The Ubuntu repositories contain more software than is in the Fedora repositories, but the most well-known applications for Linux are usually available in both repositories.
In the world of Linux software is distributed in the form of digital packets. They include not only applications but also background libraries and other components.
Fedora uses the RPM package format, while Ubuntu uses DEB. You can download the packages using the command line. If so, then you will be using DNF in Fedora or APT in Ubuntu. Both tools are similar, but people eventually tend to shape preferences.
“Universal” package formats
There is no single package format that would work in every version of Linux, but the developers are working hard to change that. Unfortunately, Fedora, and Ubuntu by default use different “universal” package format. Fedora uses Flatpak, and Ubuntu uses packages Snap.
Flatpak seems to be more widespread among different desktops on Linux, so you can find software available in the form of Flatpak, but not in a Snap. On the other hand, since Ubuntu is the most popular distro and is actively cooperating with the developers, there are also some software available only in the Snap format. Because it is a universal formats, then you can install Ubuntu Flatpaks and Snap packages in Fedora, it just takes a little more time.
Fedora tends to upgrade the software in their repositories is faster than Ubuntu. You can get major application updates with system updates, instead of having to wait six months before the updates that come with the next version of Ubuntu.
Similarly, when there is a new version of Fedora, it is likely to include more new programs compared with those that Ubuntu provides initially. Sometimes Ubuntu releases old software because of the settings or other modifications that are introduced and need support.
If you are a gamer, Ubuntu provides good opportunities for games. Platforms such as Steam and GOG.com that explicitly support Ubuntu, though, and in Fedora you can run games from both platforms.
PC games also generally are proprietary and depend on proprietary services, which are usually easier to run, and are supported in Ubuntu. But this situation too is beginning to change thanks to Flathub, which provides proprietary applications for Fedora without having to provide your code by Fedora.
Ubuntu users will also benefit from the proprietary graphics drivers that are easier to install.
Fedora offers an excellent environment for developers. You get a workspace with a relatively small number of changes in the source code and more rapid access to new software. What you learn in Fedora, will also be relevant to CentOS and Red Hat Enterprise Linux, which is often faced by system administrators.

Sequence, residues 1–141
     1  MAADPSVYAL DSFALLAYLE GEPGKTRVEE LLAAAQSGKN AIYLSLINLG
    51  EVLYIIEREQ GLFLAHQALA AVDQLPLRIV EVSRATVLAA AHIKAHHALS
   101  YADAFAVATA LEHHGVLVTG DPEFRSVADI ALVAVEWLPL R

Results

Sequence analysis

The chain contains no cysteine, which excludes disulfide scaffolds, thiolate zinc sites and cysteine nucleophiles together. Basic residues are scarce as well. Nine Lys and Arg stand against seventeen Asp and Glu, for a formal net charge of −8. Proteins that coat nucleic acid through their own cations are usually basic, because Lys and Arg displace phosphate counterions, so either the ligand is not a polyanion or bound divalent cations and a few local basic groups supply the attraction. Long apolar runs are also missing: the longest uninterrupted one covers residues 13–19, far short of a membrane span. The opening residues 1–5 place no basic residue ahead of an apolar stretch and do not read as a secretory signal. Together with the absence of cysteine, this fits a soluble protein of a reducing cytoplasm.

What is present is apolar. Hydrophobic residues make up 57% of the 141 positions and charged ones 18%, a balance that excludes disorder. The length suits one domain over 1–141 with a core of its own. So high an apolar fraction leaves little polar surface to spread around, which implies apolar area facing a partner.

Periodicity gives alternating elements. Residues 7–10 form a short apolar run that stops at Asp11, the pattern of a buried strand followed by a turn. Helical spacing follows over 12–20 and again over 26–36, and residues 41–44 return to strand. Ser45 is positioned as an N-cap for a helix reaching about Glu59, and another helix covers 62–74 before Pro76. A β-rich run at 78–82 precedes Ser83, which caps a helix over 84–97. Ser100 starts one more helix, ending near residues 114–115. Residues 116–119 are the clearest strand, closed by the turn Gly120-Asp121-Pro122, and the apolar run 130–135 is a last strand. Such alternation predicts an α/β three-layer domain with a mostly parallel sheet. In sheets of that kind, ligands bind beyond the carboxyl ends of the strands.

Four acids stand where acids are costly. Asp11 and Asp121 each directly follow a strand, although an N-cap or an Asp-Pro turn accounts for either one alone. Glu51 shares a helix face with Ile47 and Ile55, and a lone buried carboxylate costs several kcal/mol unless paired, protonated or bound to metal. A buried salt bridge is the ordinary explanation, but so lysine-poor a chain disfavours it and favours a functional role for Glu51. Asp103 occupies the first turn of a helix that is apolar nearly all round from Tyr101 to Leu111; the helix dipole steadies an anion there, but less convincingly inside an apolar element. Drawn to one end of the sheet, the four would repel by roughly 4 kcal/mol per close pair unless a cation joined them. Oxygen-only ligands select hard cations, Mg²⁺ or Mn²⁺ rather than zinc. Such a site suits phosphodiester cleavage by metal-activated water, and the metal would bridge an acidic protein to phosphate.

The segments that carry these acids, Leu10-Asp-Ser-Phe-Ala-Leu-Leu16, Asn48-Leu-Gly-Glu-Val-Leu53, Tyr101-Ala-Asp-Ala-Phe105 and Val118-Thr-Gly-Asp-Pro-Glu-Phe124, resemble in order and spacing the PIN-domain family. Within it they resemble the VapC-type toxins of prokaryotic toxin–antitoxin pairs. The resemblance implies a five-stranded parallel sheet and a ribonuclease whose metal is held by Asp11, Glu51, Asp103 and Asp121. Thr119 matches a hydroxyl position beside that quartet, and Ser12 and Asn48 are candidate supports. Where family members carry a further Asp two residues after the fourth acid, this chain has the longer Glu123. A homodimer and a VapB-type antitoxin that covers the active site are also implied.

Several future versions of Fedora focused on containers, such as Fedora and CoreOS Fedora Silverblue. Developers will get benefits such as the ability to easily install, test and configure different versions of the same application.
But Ubuntu has its significant distinguishing features. Many manufacturers of both programs and iron use Ubuntu, and Ubuntu is increasingly appearing on non-commercial servers. Canonical is doing everything possible to give impetus to the emergence of Ubuntu in an increasing number of devices with the concept of “Internet of things”.
In the end, Linux in General is considered ideal for developers, and Fedora or Ubuntu you will stand in good stead.
Run Fedora and Ubuntu on the server
There are user and server versions as in Fedora and in Ubuntu. Although you can install Fedora on a server, but it will not be the ideal option. New versions are released quickly and are not supported for a long time that Fedora makes bad suitable for devices which must be stable over long periods of time. If you feel more comfortable with Fedora than with Ubuntu, think about installing CentOS, which is a non-commercial version of Red Hat Enterprise Linux.
Fedora vs. Ubuntu: what is the result suits You?
Fedora is always a certain number of updates. About every six months, you will smooth the GNOME desktop, offering the latest free software in the world.
However, Ubuntu has provided a wild horse racing for many years. Interfaces and services came and went. Sometimes Canonical produces commercial solutions, which meet the resistance community. And honestly, Ubuntu is no longer the simplest version of Linux. But the project still has the greatest brand awareness and gets the most support of the Linux community.
In the end, if you’re new to Linux, you can’t go wrong with as Fedora and Ubuntu. But if you want to take the risk, there are many other operating systems based on Linux to choose from.